Covid-19 has disrupted the world in an unprecedented manner. At the beginning of the year, the novel coronavirus, as it was then called, was indeed novel, and perceived by many to be a largely localised outbreak. As the virus spread rapidly around the globe, and governments took drastic action to curb its effects, the social, economic and public health ramifications made themselves almost immediately obvious — and businesses found themselves faced with difficult choices.

Closer to home, the combined effects of the multiple Movement Control Orders (MCOs) and overall decline in global manufacturing and trade saw the steepest drop in Malaysian exports in a decade, as April figures show a drop of 23.8% from the same period last year. Likewise, imports recorded a contraction, falling 8% year on year, according to the Ministry of International Trade and Industry. The economic impact is a lingering pain that is likely to be felt by businesses big and small for at least the next 12 months.

We are seeing signs of optimism, however, with some countries both regionally and globally cautiously starting to “reopen”, and with Malaysia in particular in its Recovery MCO phase. Furthermore, the government’s June announcement of its RM35 billion economic stimulus package, the Pelan Jana Semula Ekonomi Negara (Penjana), should help support the economy and keep businesses afloat during these trying times. As businesses deal with the near-term challenges, they need to also take the long view to prepare for the post-Covid-19 world.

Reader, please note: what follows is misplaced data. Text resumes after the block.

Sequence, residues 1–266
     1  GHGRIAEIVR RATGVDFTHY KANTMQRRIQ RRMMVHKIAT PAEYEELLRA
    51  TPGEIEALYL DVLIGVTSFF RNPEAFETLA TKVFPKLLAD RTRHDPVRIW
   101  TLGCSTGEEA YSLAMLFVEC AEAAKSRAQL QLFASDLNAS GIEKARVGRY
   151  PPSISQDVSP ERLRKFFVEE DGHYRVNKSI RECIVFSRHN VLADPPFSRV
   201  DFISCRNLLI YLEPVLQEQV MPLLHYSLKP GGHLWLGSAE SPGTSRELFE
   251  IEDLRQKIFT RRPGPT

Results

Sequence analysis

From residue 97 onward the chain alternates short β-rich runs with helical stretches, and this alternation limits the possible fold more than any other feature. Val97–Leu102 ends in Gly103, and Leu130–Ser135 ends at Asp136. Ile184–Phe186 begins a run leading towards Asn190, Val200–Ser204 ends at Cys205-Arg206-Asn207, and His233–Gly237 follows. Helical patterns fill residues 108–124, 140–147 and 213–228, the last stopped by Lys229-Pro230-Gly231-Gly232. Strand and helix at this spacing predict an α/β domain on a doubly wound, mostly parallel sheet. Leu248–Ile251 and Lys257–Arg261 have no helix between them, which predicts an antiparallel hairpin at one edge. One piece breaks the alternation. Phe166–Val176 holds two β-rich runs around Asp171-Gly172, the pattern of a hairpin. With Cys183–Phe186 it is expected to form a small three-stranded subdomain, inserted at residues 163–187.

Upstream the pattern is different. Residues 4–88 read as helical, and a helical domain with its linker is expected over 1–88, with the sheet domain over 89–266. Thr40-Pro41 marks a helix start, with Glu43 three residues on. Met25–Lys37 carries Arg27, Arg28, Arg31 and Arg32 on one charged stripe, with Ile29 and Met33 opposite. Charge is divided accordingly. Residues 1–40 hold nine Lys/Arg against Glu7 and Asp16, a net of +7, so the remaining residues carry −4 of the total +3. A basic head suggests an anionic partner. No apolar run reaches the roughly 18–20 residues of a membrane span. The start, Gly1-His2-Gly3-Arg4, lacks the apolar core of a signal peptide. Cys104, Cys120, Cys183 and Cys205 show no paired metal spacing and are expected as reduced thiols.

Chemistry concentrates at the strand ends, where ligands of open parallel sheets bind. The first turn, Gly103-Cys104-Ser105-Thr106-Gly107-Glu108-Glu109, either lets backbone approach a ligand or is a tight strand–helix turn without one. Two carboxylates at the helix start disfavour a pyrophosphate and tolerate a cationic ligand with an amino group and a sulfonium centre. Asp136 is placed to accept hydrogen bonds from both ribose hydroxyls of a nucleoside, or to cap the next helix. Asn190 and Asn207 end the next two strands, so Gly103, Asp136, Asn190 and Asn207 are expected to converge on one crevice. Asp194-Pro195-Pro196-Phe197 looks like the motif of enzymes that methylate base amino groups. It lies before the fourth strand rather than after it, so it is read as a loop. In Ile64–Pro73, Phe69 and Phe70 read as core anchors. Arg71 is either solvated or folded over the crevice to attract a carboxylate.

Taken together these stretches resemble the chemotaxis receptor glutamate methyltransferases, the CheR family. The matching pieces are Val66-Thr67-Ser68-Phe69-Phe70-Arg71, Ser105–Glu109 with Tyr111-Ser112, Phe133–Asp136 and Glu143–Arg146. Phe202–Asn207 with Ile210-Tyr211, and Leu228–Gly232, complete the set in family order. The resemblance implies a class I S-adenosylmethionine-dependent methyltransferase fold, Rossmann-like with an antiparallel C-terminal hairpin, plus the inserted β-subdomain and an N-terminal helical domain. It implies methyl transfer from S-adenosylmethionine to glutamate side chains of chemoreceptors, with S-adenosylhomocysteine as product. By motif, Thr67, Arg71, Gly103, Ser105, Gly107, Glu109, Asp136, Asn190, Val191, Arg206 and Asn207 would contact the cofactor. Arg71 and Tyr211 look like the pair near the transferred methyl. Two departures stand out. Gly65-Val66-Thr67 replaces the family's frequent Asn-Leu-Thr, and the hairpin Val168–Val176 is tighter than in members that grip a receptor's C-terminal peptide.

There is no telling what shape the next black swan will take when it arrives, but drawing lessons from the current crisis, businesses need to be able to adequately address the four biggest logistics challenges defining the landscape today: the closure of retail shops as a result of recent lockdowns, reduced air freight capacity and changes to specific air trade lanes, shifts in e-commerce fulfilment and production shifting offshore.

First, the closure of retail shops amid lockdowns and quarantines around the world: Once a nagging call for brick-and-mortar establishments to take steps towards “click-and-mortar” hybrid sales, this model has now become a deafening roar. From department store chains to the neighbourhood sundry shop, business owners need to accelerate their pivot to digital channels to keep revenue streams flowing in the face of restrictions imposed by governments around the world. To be able to effectively operate and ship on e-commerce channels means ensuring that businesses have the right tools to support their consumers, allowing for greater visibility, flexibility and automation.

Second, working around reduced air freight capacity: At the global onset of the pandemic, border closures and restrictions on domestic travel forced passenger airlines to ground their fleets, significantly reducing common carriage air freight capacity — up to half of all air freight previously travelled in the cargo holds of passenger airlines. However, the demand for air cargo space remains for various reasons, including increased demand for cross-border e-commerce, the restart of China’s industries and, perhaps more so now, the flow of critical goods and services, including healthcare shipments.